Digiday Research: Subscription publishers battle high churn rates


Subscription publishers are constantly battling to retain subscribers, but some have their work cut out more than others, according to a recent Digiday survey.

Forty-one percent of the 62 publishers with subscription products surveyed at the Digiday Hot Topic: Subscriptions and Memberships events last month in New York City said their monthly churn rates were 10 percent or greater, meaning they would need to acquire an entirely new customer base every year to keep their subscriber numbers level.

Given that subscriptions provide publishers recurring revenues and potentially high margins, there’s been a concerted effort this year by publishers to shift their focus from customer acquisition to retention.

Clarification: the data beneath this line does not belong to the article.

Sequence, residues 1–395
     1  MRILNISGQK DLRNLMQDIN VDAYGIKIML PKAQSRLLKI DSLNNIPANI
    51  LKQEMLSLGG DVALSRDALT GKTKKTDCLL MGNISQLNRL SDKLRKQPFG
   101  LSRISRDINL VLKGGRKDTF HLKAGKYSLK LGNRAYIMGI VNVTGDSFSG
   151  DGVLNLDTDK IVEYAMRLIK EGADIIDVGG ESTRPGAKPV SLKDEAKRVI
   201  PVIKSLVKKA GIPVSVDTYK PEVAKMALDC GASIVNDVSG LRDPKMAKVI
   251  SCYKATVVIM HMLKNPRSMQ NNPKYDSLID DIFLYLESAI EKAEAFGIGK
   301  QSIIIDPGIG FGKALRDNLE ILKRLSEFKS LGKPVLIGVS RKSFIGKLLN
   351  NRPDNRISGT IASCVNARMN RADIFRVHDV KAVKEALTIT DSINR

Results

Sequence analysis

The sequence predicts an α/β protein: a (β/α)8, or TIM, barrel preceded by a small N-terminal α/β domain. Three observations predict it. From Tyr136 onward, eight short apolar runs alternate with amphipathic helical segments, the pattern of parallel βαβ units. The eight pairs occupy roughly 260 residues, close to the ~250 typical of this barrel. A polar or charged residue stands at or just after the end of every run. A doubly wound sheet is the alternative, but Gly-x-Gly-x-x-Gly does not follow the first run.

Churn rates can be tricky to calculate because publishers lack a uniform measurement system. Rates can vary wildly after introductory periods and other promotions wear off. Die Welt was losing roughly 50 percent of its subscribers until they reached the three-month mark by which time monthly churn dropped to a more respectable 1-2 percent.

Among other factors that can influence monthly churn rates is the length the subscription. Monthly subscribers are likely to churn faster than annual ones because they have more opportunities to drop-off.

Companies like The New York Times have committed significant resources to developing their customer retention teams, hiring employees from outside of the industry skilled at keeping customers. To reduce churn rates, the Financial Times is improving site experiences and using exclusive events.

According to Zuora, a subscription software company, the average consumer focused publisher had a annual churn rate of rate 35 percent. Since 41 percent of the publishers in the Digiday survey had monthly churn rates of at least 10 percent, well on pace to exceed 30 percent annually, publishers still have a long way to go in addressing and limiting churn.


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